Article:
One of the many projects I tackled this past week was repairing the mailbox flower boxes. Not a huge job but one of those things that gets put aside time and time again - put off for more pressing matters like overflowing basement sinks and leaking ceilings.

When we moved in, the mailbox was on a pole which was tipping slightly to the side and that was pretty much it. That just wouldn't do.

We straightened the pole, added a board across the top to attach the new mailbox to and I made two small, square flower boxes for either side of the mailbox. We painted and planted and it was great.

A few years went by and with rain, snowplows and the general elements, the wood of the planter boxes started to rot and I replaced them with two black plastic pots since I did not have time to make proper boxes. They served their purpose, but yet again, the elements had other ideas. Just like the tendency for wood to rot, plastic doesn't hold up to mother nature for extended periods of time either.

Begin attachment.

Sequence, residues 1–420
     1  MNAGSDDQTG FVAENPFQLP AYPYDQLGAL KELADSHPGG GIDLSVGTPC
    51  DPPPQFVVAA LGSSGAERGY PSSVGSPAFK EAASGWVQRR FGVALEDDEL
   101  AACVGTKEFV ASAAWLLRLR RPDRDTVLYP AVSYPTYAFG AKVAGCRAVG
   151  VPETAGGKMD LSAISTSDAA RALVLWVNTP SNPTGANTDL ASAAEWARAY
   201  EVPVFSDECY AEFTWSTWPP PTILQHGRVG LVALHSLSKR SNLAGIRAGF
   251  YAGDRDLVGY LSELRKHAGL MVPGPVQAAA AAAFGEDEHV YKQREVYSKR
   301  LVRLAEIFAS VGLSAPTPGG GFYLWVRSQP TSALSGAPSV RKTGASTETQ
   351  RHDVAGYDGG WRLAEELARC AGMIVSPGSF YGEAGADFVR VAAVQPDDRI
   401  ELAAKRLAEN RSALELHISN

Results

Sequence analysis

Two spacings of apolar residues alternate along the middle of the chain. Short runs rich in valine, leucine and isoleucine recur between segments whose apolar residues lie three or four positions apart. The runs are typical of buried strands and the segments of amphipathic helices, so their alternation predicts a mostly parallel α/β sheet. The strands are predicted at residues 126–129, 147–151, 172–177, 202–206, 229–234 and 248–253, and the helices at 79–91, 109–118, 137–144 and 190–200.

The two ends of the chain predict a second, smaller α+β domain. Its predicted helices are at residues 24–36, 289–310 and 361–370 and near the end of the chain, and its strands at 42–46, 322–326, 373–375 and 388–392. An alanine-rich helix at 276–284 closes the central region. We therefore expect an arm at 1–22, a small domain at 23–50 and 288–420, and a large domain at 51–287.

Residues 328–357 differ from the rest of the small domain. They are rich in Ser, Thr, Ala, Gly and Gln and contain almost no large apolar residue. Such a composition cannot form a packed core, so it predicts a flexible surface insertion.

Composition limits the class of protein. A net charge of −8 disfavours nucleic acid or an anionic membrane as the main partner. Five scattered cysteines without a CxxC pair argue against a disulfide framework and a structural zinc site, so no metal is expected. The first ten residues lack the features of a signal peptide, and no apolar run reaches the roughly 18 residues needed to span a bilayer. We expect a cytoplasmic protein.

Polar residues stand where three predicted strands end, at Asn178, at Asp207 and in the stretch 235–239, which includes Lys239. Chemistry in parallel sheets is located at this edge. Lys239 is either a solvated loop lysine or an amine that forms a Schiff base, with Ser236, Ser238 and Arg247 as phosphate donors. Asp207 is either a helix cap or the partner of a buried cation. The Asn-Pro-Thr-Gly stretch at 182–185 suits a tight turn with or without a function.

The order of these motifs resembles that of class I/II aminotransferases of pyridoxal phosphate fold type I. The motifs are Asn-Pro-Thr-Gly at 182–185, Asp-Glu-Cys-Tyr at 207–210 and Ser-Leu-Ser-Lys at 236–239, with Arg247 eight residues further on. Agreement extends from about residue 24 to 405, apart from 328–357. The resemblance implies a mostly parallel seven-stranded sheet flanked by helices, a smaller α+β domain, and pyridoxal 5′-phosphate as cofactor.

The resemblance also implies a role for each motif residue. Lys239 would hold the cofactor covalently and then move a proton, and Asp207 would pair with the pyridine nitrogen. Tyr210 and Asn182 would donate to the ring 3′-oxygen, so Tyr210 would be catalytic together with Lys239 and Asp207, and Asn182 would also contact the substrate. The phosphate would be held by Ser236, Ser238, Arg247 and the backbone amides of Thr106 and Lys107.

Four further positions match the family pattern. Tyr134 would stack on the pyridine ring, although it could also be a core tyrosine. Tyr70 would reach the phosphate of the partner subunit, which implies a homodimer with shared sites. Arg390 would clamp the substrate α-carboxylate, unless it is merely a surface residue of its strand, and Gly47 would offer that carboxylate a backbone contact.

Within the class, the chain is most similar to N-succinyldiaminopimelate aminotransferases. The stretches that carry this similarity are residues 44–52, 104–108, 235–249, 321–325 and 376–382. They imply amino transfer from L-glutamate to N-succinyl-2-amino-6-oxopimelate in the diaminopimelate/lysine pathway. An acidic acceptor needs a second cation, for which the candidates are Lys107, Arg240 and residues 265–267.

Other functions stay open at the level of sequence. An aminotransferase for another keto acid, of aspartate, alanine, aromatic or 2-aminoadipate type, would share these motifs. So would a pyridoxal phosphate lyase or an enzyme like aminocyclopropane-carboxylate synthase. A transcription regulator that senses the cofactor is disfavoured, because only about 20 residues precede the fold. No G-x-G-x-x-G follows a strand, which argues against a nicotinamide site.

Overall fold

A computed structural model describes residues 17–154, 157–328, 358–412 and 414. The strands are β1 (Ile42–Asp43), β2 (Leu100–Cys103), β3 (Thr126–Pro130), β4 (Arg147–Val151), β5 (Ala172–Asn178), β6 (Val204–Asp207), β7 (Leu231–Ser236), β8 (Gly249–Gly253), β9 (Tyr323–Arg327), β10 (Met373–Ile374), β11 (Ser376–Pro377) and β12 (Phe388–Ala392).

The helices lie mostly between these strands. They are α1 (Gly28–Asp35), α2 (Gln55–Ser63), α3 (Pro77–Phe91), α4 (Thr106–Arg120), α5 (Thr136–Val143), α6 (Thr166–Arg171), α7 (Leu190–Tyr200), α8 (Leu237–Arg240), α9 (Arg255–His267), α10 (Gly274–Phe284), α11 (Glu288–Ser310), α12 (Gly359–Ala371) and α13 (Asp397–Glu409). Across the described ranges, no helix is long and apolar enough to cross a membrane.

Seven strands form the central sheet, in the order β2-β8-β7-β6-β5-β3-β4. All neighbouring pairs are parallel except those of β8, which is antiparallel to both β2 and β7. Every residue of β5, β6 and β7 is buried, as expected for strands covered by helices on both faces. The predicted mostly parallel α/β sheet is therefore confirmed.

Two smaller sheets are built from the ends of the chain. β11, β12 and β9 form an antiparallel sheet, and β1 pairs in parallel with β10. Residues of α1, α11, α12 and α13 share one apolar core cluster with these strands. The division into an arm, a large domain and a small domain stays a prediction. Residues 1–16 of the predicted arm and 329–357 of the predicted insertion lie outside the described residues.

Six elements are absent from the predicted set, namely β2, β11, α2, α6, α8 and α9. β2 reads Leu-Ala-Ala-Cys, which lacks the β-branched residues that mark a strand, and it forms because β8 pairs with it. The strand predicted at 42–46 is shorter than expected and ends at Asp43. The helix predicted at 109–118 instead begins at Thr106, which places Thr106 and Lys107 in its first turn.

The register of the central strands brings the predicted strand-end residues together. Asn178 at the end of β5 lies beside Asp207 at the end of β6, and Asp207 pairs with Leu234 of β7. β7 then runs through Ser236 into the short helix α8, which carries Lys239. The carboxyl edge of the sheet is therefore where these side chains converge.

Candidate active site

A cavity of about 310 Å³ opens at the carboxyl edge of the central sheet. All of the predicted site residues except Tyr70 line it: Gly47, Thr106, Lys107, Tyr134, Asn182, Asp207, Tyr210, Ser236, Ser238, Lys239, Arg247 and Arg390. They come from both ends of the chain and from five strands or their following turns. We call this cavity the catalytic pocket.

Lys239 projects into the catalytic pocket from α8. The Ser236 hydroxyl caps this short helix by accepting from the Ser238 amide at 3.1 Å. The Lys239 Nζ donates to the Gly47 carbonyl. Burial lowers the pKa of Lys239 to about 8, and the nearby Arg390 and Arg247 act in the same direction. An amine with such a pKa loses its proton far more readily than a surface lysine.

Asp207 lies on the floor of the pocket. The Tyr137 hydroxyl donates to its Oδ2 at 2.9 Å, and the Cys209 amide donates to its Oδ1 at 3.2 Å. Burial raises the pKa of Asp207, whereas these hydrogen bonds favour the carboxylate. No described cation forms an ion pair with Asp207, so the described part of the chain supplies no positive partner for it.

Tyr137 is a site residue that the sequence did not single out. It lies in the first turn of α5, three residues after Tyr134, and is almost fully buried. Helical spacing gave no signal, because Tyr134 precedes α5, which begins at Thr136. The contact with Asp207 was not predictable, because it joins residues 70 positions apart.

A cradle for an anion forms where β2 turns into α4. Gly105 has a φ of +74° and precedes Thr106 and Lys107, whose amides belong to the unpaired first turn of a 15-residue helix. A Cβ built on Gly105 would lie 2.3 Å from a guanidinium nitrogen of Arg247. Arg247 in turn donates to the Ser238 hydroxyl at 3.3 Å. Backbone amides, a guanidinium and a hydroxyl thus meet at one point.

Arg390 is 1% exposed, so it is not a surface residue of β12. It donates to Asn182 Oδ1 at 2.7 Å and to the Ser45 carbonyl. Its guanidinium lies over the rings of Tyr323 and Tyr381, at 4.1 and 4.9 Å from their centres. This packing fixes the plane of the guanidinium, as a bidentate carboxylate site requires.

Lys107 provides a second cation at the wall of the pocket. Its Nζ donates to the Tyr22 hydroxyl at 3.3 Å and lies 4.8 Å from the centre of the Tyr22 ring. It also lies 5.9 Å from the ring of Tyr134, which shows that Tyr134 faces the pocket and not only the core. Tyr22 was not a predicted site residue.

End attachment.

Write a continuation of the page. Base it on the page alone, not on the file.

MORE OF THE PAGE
So, instead of planting flowers in them this spring, I let them sit - empty and cracking - and adding their repair or replacement to the to-do list under a long list of other more pressing matters.

This week, I decided it had sat on the list long enough, and I didn't want the mailman to think poorly of me, so I took off the plastic pots and made a decision.

Last summer I found two matching milking pails at a local garage sale. They were small but heavy duty and they were in good condition, save a few small rust spots and tiny holes along the bottom rims. At the time I did not know what I would do with them but they were just something I had to bring home.

I thought of how they would make nice planters but I cringed at drilling holes on the bottoms for drainage. I hate to intentionally damage an item that will result in its usefulness being compromised - i.e. - drilling holes in the bottom of a bucket. But the more I thought about it, I decided that I was going to use them for the mailbox planter replacements. They already had small rust holes near the bottom anyway and I have been trying to get out of my current mentality of "save it for later!" (along the same lines as "save the good china for some other day")